In brief - Employers may avoid liability for the superannuation guarantee charge in respect of annual leave loading under the ATO's safe harbour

Annual leave loading and overtime are common employee entitlements under Australian awards and enterprise agreements.
 
Under SGR 2009/2, employer superannuation contributions are required in respect of annual leave loading, unless the entitlement is demonstrably referable to a notional loss of opportunity to work overtime. This requires employers to determine the purpose of annual leave loading. Unfortunately, this is difficult because most awards and enterprise agreements do not indicate the purpose.
 
The ATO has introduced a safe harbour under which it will not initiate a review of employers' superannuation compliance in respect of annual leave loading for past and future periods if:
  • employers self-assess that superannuation contributions are not required based on a reasonable position that annual leave loading is for a notional loss of opportunity to work overtime
  • there is no evidence in the last five years that suggests that the entitlement is for something other than overtime
  • employers assemble written evidence, as soon as practicable, that clarifies that annual leave loading is for loss of opportunity to work overtime and this reflects the understanding of the employer and the employee
Employers who have not made superannuation contributions in respect of annual leave loading for employees who receive overtime should consider:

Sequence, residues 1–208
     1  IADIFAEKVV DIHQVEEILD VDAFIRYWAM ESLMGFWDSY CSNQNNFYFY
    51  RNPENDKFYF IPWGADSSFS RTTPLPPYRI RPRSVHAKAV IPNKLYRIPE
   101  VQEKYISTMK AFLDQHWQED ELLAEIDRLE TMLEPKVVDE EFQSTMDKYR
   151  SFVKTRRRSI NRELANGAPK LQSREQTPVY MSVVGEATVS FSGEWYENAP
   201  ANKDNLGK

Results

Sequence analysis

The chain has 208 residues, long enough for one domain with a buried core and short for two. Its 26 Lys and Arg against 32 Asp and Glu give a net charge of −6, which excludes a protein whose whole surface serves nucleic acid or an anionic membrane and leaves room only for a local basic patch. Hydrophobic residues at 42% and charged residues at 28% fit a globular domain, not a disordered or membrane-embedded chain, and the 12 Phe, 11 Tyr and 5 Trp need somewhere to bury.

• reviewing applicable awards and enterprise agreements, employment policies and other documentation to determine if any of these documents set out the purpose of annual leave loading
  • if these documents do not set out the purpose, inserting wording (perhaps in the annual leave policy) that indicates that the purpose of annual leave loading is for loss of opportunity to work overtime.

This article has been published by Colin Biggers & Paisley for information and education purposes only and is a general summary of the topic(s) presented. This article is not specific legal or financial advice. Please seek your own legal or financial advice for any questions you may have. All information contained in this article is subject to change. Colin Biggers & Paisley cannot be held responsible for any liability whatsoever, or for any loss howsoever arising from any reliance upon the contents of this article.​

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